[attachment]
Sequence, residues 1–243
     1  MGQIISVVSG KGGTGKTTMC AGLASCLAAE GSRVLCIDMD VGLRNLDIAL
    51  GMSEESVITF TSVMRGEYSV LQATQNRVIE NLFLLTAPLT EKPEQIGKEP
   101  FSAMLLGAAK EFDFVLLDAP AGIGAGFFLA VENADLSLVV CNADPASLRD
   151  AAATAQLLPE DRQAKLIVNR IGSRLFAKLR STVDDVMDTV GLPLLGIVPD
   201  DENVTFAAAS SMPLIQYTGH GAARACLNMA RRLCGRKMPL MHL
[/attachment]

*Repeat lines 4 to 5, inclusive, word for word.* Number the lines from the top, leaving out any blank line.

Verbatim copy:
   101  FSAMLLGAAK EFDFVLLDAP AGIGAGFFLA VENADLSLVV CNADPASLRD
   151  AAATAQLLPE DRQAKLIVNR IGSRLFAKLR STVDDVMDTV GLPLLGIVPD